A Heretic in Good Company
Two weeks ago, Cardinal Robert McElroy visited Fairfield, Connecticut, spending time at both Catholic universities in this medium-sized town. I think it is fair to say that he was well-received by most, if not all, of those who came out to see him. Imagine our surprise, then, to discover that First Things magazine, a rightward-leaning but usually more judicious publication, gave space to Bishop Thomas Paprocki of Springfield, Illinois, to accuse the cardinal of heresy, albeit writing in a way that allowed plausible deniability when challenged. In words that persuaded no one, Paprocki argued that he, “intended the discussion to be more rhetorical.” Whatever that might mean.
McElroy is well able to defend himself from what seems to have been a somewhat foolish attack, among other things misunderstanding or ignoring the clear account in canon law of what constitutes heresy. McElroy’s “sin,” argued Paprocki, was to reject the doctrinal and canonical perspective on sacramental access for the divorced and remarried and for those guilty of homosexual acts. But the bishop didn’t understand that becoming a heretic is much harder to do. It has to pertain to the essentials of the faith. The cardinal’s rejoinder, which you can read in the Jesuit magazine, America, on March 2, reiterates his scholarly argument that history does not support the claim that all sexual sins are mortal and therefore anyone guilty of them is barred from the sacrament. For this very reason, pastoral concerns may trump dogma.
I will let the cardinal explain all of this to you, but aside from the specific points at issue, a larger and perhaps deeper set of concerns swirling around the accusation of heresy need to be looked at. The very notion of heresy itself is ambiguous enough. Most commonly, a dictionary definition would say that a heretic is a person who differs in opinion from established religious dogma and refuses to acknowledge revealed truth, perhaps with the rider that such a person has fallen into grave error, deserving penalty or even condemnation. There are other ways of defining heresy, however, and it will sometimes simply be said that a heretic is someone whose beliefs or actions are considered wrong by most people because they disagree with beliefs that are generally accepted. This way of explaining heresy has a number of interesting characteristics. It seems to require the judgment of the community that a person’s views are in error because they run contrary to the prevailing opinion. Hidden here is the implication that heresy is not measured by a fixed inherited standard (dogma 1, we might call it), but by the scandal caused by disrupting the community’s instinct for what is right (dogma 2, perhaps). If this sounds a little bit like Vatican II’s invoking of the sensus fidelium, it should. It also implies an understanding of the development of doctrine and, indeed, of the hierarchy of truths.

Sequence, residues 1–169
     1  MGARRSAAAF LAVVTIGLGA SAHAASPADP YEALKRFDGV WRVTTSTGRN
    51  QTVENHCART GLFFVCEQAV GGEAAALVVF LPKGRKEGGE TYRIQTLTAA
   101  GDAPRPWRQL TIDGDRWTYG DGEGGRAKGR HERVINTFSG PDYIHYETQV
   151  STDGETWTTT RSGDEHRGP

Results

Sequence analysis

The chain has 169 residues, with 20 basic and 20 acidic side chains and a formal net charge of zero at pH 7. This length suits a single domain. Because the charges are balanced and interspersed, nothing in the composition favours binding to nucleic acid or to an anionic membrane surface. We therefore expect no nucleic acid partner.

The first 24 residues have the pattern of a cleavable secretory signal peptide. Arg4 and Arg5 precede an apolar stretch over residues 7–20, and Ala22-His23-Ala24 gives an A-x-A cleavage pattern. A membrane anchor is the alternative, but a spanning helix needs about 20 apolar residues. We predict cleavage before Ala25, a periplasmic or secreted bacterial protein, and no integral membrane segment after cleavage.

When Bishop Paprocki seems to be accusing Cardinal McElroy of heresy, his reference to the rights and responsibility of the supreme pontiff is glaringly off-target. He writes of the supposedly hypothetical cardinal that, “only the pope can remove a cardinal from office or dismiss him from the clerical state in the case of heresy or other grave crimes.” Does he imagine that Pope Francis is likely to do this to someone whose views seem to coincide very closely with his own? There is a phrase that has been going around lately, that “opposition to Pope Francis is opposition to Vatican II.” Allow me to amend it a little: “opposition to Cardinal McElroy is opposition to Pope Francis which is opposition to Vatican II.”
Times change, Bishop Paprocki, and not always for the worse. On the door of my office, I have a poster whose headline proclaims, “a heretic in good company.” The list of “heretics” that follows includes, among others, Joan of Arc, Origen, Teilhard de Chardin, the Franciscans, Ivone Gebara and Galileo. Not bad company at all. The point is that yesterday’s heretic is today’s “thought leader.” Even Martin Luther makes the list on my poster, and it was John Paul II who called him in from the heretical cold. The world is changing, and one of the few ways in which it is changing for the better is that we are learning to accept all God’s children where they are, filled as they are with grace as the people they are. Gay, lesbian, trans or merely divorced and remarried. And as this awareness grows more in our society, it is just possible that those who oppose it in the name of rigid dogmatism may be the real heretics.
Paul Lakeland is a teacher, scholar and director of the Center for Catholic Studies at Fairfield University.
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Posted by: J. Riley | 03/10/2023 at 12:51 PM